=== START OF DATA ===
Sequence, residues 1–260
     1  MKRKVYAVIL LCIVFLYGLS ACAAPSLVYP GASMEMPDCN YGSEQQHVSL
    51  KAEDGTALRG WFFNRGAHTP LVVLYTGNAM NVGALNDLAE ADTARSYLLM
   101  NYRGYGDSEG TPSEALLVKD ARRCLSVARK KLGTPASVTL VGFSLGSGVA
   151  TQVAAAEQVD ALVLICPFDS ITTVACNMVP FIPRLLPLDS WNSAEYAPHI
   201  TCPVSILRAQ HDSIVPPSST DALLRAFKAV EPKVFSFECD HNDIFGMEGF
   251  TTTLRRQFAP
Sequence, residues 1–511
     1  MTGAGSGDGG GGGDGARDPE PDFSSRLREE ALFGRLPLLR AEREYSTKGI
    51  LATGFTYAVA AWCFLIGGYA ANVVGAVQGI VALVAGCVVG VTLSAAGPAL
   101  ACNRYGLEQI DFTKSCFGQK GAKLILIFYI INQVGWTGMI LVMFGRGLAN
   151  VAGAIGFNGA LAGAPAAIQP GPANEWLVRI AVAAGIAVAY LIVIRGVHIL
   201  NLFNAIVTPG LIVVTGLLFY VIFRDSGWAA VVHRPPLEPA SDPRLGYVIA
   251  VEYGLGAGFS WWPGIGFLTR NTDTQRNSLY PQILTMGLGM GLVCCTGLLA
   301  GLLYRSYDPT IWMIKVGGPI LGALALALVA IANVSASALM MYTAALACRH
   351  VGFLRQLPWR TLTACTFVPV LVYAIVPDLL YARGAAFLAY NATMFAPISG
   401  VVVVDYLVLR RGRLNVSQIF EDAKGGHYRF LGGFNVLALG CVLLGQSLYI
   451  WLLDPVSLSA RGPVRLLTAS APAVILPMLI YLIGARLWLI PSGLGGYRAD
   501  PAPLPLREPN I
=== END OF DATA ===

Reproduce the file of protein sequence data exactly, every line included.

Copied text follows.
Sequence, residues 1–260
     1  MKRKVYAVIL LCIVFLYGLS ACAAPSLVYP GASMEMPDCN YGSEQQHVSL
    51  KAEDGTALRG WFFNRGAHTP LVVLYTGNAM NVGALNDLAE ADTARSYLLM
   101  NYRGYGDSEG TPSEALLVKD ARRCLSVARK KLGTPASVTL VGFSLGSGVA
   151  TQVAAAEQVD ALVLICPFDS ITTVACNMVP FIPRLLPLDS WNSAEYAPHI
   201  TCPVSILRAQ HDSIVPPSST DALLRAFKAV EPKVFSFECD HNDIFGMEGF
   251  TTTLRRQFAP
Sequence, residues 1–511
     1  MTGAGSGDGG GGGDGARDPE PDFSSRLREE ALFGRLPLLR AEREYSTKGI
    51  LATGFTYAVA AWCFLIGGYA ANVVGAVQGI VALVAGCVVG VTLSAAGPAL
   101  ACNRYGLEQI DFTKSCFGQK GAKLILIFYI INQVGWTGMI LVMFGRGLAN
   151  VAGAIGFNGA LAGAPAAIQP GPANEWLVRI AVAAGIAVAY LIVIRGVHIL
   201  NLFNAIVTPG LIVVTGLLFY VIFRDSGWAA VVHRPPLEPA SDPRLGYVIA
   251  VEYGLGAGFS WWPGIGFLTR NTDTQRNSLY PQILTMGLGM GLVCCTGLLA
   301  GLLYRSYDPT IWMIKVGGPI LGALALALVA IANVSASALM MYTAALACRH
   351  VGFLRQLPWR TLTACTFVPV LVYAIVPDLL YARGAAFLAY NATMFAPISG
   401  VVVVDYLVLR RGRLNVSQIF EDAKGGHYRF LGGFNVLALG CVLLGQSLYI
   451  WLLDPVSLSA RGPVRLLTAS APAVILPMLI YLIGARLWLI PSGLGGYRAD
   501  PAPLPLREPN I